The news that a Whole Foods store might replace the Barnes & Noble bookstore in the Fremont Hub fills me with a sense of melancholy. Don’t get me wrong; having a child with allergies, I have been making the trek across to the Palo Alto store regularly, and my family is a fan of the large variety of organic foods the store stocks. And Whole Foods is certainly a desperately needed sign of upward mobility for this sleepy town, especially if you’re Indian American and have to deal with the patronizing sneers of your peers across the bay.
But replacing food for thought with, well, just food is also a sign of the times. When I arrived in Fremont over a decade ago, the Newpark Mall in neighboring Newark was a favorite destination for me and my young son. The toy store was an attraction, sure, but if I recall correctly, there were also two bookstores spread across the sprawling space. For a new immigrant coming to an unknown town, it was a reassuring indication that my future home was filled with fellow bibliophiles. I don’t think I ever made a trip to the mall without returning with a handful of picture books and novels.
Alas, those stores have vanished much too quickly, falling under the dual onslaught of cheap online retailers and the decline of print. Dollar stores have cropped up in their place, plastic-y symbols of the economic recession.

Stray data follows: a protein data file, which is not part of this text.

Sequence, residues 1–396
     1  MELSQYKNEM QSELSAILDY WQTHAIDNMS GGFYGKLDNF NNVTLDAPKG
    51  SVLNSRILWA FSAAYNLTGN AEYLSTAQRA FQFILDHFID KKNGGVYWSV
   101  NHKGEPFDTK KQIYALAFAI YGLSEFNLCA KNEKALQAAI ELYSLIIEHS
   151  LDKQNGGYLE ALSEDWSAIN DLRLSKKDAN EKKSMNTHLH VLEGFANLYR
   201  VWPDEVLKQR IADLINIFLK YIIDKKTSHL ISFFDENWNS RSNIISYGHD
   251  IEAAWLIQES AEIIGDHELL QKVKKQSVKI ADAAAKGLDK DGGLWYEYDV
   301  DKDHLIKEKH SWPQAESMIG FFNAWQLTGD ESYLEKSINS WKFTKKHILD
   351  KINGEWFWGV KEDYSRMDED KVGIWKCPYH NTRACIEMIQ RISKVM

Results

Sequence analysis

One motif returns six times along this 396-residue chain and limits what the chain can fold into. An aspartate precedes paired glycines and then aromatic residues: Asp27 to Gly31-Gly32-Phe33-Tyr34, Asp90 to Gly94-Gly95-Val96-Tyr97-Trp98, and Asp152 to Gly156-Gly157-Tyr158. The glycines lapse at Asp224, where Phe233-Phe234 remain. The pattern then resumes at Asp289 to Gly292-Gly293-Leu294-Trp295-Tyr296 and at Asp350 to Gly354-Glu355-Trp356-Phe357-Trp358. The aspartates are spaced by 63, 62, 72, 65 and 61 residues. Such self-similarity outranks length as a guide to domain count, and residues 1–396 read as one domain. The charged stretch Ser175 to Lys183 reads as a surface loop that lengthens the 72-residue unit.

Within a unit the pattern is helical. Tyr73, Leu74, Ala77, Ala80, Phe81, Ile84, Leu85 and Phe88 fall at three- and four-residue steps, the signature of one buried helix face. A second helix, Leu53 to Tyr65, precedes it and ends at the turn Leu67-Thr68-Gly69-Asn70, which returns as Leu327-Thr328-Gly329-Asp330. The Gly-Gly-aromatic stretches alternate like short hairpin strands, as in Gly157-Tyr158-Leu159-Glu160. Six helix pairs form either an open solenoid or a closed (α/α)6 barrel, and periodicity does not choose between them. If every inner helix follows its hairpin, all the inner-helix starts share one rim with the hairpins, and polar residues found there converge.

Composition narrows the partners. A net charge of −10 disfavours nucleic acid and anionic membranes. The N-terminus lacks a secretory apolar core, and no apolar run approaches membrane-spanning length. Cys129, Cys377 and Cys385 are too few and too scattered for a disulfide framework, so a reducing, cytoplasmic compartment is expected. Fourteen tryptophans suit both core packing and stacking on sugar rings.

But the B&N bookstore in the Hub has held on, despite competition from another bookstore right across the street. I remember several last-minute dashes to pick up birthday and Christmas gifts. Meetings with friends would be set for the coffee shop next door, but invariably one’s feet would wander into the aisles of bargain books, and minutes would be spent browsing through the shelves of cookbooks and romance novels.
In my 40s, I think I belong to last generation that truly loves the feel of a book; the rustle of the pages, the smell of printer’s ink, the heft and weight of a book on my quilt-covered stomach on a rainy winter’s day. To this day, if I find myself at a loose end, there’s no other place I’d rather be than a bookstore, hoping to discover a new series of thrillers, or stumbling upon the latest No.1 Ladies Detective Agency novel.
I hope I’ve communicated that love of reading to my children. Many a lazy Saturday morning has been spent sprawled in the children’s section of local bookstores, introducing them to the wonderful imaginations of Maurice Sendak and James Stevenson. But these sanctuaries of the printed word are fast disappearing, along with newspapers and magazines.
My children’s children will probably never know anything but digital media, preferring backlit text in unyielding electronic slabs to pliable paper. But that’s not my real concern. What I worry about is the message the loss of these bookstores is sending the next generation; that, as a community, we value upscale produce over intellectual stimulation. In an era of corporate media and reality TV, erudition is already deemed to be elite; politicians tout their shallow understanding as representative of their constituencies; gut instincts and strong convictions seem to trump bookish learning and Ivy-league educations. We may not be burning our books like in Fahrenheit 411, but the slow extinction is even more insidious, because it is gradual and cloaked in a sense of inevitability.
This is not to put down progress, but, without a book, how I am I going to occupy myself while sipping my cup of organic tea in the Whole Foods café?